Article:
Linda Hogan, from Home Ground: Language for an American Landscape



-posted on red Ravine, Tuesday, May 28th, 2013

Read Full Post »

Shuttlecocks, 1994 - 34/365

Shuttlecocks, 1994 – 34/365, Archive 365, Nelson-Atkins Museum of Art, Kansas City, Missouri, April 2009, photo © 2009-2013 by QuoinMonkey. All rights reserved.


At a writing retreat in 2009, our host took us to the Nelson-Atkins Museum of Art in Kansas City, Missouri. Like we had done at museums in New Mexico with Natalie Goldberg (see Diebenkorn Leaves Taos – Museum Walking Lives On), we walked around in silence, then gathered in front of the museum to do Writing Practice. I like the practice of taking photographs in the silence; this photo of the sculpture Shuttlecocks was snapped on a slow walk around the museum grounds. Museums are energizing places to find inspiration for writing and art.

The Nelson-Atkins Museum of Art is a neoclassic structure designed by Kansas City architects Wight and Wight. Groundbreaking took place on July 16, 1930. The sculpture Shuttlecocks was created by husband and wife team Claes Oldenburg (American, born Sweden 1929) and Coosje van Bruggen (American, born The Netherlands, 1942), the same pair that created the Minneapolis sculpture, Spoonbridge & Cherry at the Walker (see my foggy winter photograph of Spoonbridge & Cherry in the piece White Elephants On Art). It is the scale of these sculptures that draws me in.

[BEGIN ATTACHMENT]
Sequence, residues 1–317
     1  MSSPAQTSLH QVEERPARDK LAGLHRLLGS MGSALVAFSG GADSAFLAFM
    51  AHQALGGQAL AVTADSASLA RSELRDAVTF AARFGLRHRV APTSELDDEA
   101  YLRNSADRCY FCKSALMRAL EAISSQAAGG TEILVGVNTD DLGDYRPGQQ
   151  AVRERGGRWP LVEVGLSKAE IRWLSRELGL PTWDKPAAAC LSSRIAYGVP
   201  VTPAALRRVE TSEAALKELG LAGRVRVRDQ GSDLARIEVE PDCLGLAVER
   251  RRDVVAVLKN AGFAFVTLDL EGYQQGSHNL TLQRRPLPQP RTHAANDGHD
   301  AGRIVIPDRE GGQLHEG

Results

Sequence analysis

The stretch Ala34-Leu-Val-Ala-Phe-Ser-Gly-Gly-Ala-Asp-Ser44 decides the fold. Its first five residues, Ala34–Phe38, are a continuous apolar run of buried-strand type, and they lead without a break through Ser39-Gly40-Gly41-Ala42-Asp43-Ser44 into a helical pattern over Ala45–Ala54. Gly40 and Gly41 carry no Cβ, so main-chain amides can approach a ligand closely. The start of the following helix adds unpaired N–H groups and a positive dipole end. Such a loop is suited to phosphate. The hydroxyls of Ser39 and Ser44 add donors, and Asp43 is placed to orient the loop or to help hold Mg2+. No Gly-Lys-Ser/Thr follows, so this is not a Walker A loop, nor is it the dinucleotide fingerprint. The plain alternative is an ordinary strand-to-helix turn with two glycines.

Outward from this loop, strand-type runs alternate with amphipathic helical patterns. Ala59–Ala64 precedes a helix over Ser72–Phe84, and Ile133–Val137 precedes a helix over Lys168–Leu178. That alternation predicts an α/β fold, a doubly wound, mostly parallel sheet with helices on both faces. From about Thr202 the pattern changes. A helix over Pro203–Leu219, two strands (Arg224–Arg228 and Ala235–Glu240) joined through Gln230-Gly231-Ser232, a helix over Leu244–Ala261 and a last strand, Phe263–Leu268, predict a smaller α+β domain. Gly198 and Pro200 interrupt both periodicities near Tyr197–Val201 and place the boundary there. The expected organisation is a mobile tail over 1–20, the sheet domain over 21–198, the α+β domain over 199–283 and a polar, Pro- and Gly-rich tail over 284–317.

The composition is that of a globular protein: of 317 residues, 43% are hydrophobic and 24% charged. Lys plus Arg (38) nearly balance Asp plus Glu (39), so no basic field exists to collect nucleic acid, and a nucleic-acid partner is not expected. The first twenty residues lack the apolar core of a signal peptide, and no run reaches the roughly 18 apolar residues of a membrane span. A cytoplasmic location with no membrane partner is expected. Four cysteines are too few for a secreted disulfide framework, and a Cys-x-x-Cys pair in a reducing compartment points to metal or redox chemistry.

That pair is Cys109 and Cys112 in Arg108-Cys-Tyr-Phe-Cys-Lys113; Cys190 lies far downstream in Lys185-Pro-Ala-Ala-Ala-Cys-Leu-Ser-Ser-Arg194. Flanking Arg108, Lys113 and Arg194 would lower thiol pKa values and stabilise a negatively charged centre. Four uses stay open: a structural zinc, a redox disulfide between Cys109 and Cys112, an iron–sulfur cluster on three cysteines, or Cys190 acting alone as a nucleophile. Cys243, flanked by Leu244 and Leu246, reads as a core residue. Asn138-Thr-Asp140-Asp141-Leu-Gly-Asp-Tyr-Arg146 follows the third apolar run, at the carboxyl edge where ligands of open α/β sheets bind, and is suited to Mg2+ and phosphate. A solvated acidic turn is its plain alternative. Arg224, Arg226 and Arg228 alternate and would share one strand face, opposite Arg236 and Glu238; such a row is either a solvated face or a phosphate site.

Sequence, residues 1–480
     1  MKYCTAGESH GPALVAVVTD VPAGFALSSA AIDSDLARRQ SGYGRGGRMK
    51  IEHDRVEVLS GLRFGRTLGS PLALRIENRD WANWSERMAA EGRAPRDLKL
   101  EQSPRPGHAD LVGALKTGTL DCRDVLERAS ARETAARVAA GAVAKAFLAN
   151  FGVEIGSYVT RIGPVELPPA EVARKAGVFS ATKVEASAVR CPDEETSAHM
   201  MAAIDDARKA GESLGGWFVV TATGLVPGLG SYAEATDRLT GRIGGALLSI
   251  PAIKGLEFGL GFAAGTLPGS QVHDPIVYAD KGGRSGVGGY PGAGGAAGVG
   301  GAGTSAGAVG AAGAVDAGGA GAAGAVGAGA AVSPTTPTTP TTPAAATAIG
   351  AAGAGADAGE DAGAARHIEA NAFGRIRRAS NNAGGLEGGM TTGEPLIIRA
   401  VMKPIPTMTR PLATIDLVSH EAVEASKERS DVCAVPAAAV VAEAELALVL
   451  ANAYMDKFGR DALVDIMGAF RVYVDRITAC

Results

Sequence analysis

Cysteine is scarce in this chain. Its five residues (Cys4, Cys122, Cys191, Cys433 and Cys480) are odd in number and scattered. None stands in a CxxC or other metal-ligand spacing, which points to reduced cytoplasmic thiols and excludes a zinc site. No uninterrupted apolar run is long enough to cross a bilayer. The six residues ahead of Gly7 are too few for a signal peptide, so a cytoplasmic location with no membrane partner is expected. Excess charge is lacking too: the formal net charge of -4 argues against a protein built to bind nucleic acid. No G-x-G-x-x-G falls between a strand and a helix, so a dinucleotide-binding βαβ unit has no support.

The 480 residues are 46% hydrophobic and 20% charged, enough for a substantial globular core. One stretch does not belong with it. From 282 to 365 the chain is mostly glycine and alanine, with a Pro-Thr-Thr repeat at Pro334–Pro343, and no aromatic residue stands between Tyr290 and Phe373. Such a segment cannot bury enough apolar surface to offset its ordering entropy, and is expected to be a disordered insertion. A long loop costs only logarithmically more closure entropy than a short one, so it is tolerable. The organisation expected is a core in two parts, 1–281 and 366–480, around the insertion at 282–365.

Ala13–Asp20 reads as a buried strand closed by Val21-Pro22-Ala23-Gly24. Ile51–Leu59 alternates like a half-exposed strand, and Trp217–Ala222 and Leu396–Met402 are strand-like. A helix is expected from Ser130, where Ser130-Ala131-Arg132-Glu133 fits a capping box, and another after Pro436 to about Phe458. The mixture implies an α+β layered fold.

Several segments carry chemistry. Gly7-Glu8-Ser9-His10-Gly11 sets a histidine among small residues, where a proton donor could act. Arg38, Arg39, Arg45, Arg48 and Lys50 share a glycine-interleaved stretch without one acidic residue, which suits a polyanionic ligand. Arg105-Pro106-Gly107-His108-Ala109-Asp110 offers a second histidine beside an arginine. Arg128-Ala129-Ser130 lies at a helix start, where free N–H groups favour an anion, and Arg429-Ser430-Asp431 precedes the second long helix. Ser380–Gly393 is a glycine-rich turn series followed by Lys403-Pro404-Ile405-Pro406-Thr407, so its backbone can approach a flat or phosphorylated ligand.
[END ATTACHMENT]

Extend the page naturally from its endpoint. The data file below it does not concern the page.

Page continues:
According to Nelson-Atkins, when Oldenburg and van Bruggen were commissioned in 1994 to design a sculpture for the space, they responded to the formality of the original neoclassical building and the green expanse of its lawn by imagining the museum as a badminton net and the lawn as a playing field. The pair designed four birdies or shuttlecocks (made out of aluminum, paint, and fiberglass-reinforced plastic) that were placed as though they had just landed on opposite sides of the net. Each shuttlecock weighs 5,500 pounds, stands nearly 18 feet tall, and has a diameter of 16 feet.